Antique Furniture Parts

Antique Chair Arm
Details reflect the type of antique chair.

From a delicate curved cabriole leg for a Queen Anne chair to a half round oak tambour for a Hoosier cabinet, antique furniture parts are often needed to restore a piece to its original beauty and condition.

The Many Parts of Antique Furniture

When you think about the vast number of types of furniture pieces that were made during each of the historical eras and geographical time periods, you realize the number of individual antique furniture parts is immense.

For example, cabriole legs, original to the Queen Anne period, are considered one of the signature forms of Chippendale chairs. Within the Chippendale period there are six distinctly different chair leg styles. Three of these basic styles are cabriole legs:

  • Lion's paw
  • Club
  • Ball and claw

The remaining three distinct chair leg styles found on Chippendale chairs are:

  • Marlborough
  • Spade
  • The late Chippendale

In addition, there are Chippendale chairs that were influenced by Gothic and Chinese designs. On these chairs the legs are tapered or straight with fret and lattice work and tracery carvings. Although each of the furniture parts is a Chippendale chair leg, there are quite a number of different styles and designs.

Common Parts of a Wooden Chair

The individual parts of a piece of furniture are commonly referred to as the anatomy of the piece. Each type of furniture has its own anatomy terms that are considered universal in all kinds of furniture from antique to modern. Using a Chippendale style splat back chair as an example, the parts from the top to the bottom generally include:

  • Crest rail
  • Ear
  • Stille
  • Splat
  • Shoe
  • Slip seat
  • Side seat rail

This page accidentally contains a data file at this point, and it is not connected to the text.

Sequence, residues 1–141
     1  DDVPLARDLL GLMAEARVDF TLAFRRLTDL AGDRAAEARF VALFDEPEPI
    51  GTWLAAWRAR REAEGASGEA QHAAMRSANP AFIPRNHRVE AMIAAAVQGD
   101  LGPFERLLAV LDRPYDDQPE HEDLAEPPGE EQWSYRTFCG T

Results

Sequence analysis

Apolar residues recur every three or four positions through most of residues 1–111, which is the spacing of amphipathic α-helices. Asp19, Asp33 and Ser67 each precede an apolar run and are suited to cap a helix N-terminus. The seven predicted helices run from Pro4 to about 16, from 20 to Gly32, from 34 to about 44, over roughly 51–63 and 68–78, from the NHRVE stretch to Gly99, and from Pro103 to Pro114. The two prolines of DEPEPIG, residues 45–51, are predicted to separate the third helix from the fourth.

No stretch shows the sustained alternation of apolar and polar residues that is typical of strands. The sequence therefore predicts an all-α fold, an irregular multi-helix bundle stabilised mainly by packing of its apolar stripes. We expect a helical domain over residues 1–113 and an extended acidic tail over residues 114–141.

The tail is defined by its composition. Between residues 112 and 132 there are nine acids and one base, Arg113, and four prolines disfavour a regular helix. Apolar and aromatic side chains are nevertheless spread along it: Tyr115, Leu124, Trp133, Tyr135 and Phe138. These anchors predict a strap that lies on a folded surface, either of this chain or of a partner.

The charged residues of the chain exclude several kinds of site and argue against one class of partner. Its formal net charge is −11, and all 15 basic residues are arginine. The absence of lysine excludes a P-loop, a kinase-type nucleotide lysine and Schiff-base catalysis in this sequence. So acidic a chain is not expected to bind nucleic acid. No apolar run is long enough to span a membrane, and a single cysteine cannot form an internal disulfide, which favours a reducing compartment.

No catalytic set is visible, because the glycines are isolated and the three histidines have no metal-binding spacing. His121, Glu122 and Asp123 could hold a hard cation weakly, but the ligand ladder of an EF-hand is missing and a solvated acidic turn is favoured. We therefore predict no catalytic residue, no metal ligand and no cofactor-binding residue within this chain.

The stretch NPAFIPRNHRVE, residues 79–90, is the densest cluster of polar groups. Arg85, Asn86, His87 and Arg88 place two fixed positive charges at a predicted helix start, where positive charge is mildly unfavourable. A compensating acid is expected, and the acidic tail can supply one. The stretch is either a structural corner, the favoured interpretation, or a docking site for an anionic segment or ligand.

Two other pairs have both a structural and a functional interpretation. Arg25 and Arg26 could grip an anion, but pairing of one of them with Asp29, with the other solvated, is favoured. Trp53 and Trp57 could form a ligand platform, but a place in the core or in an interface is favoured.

• Knee
  • Cabriole leg
  • Claw and ball foot

Furniture Styles

An important aspect of correctly identifying antique furniture, and furniture parts, is knowing the different furniture periods and styles. The following are the main furniture styles and approximate dates:

  • Gothic - Although crudely constructed Gothic furniture is known since the 1300s, Gothic furniture as it is known today dates from the mid 1550s to approximately 1625.
  • Louis XIV - 1640 to 1715
  • Early Colonial - 1600s
  • Louis XV (Rococo) - 1720 to 1760
  • William and Mary - early 1700s
  • Queen Anne - 1725 to 1755
  • Chippendale - 1755 to 1780
  • Sheraton - mid 1750s to early 1800s
  • Germanic -1700s
  • Windsor - 1700s
  • Federal (Neo-Classicism) - 1780 to 1820
  • Regency - 1811 to 1825
  • Biedernier - 1815 to 1860
  • Empire - (Classicism) and American Empire - 1820 to mid 1800s
  • Shaker - 1800s
  • Revival - 1800s
  • Eastlake - mid 1850s to 1870s
  • Arts and Crafts - 1835 to early 1900s
  • Victorian - 1830s to 1900
  • Art Nouveau - 1890 to 1920

Locating Replacement Parts for Antique Furniture

Finding replacement parts for an antique piece of furniture that is original is often difficult. However, there are businesses that specialize in furniture parts and hardware for antique furniture including:

  • Antique hardware stores
  • Architectural artifact companies
  • Antique stores

Another source of replacement parts for antique furniture are the pieces made by talented craftspeople of today. Often these pieces are handmade using the same methods and techniques that were used centuries ago.

Where to Find Antique Furniture Parts Online

The following businesses offer parts for antique furniture. Several of the companies distinguish between parts that are considered suitable for restoration and those that are considered only as replacement parts.

Many beautiful antiques have been restored using furniture parts that have been repaired, restored or handmade by skilled craftsmen.

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Antique Furniture Parts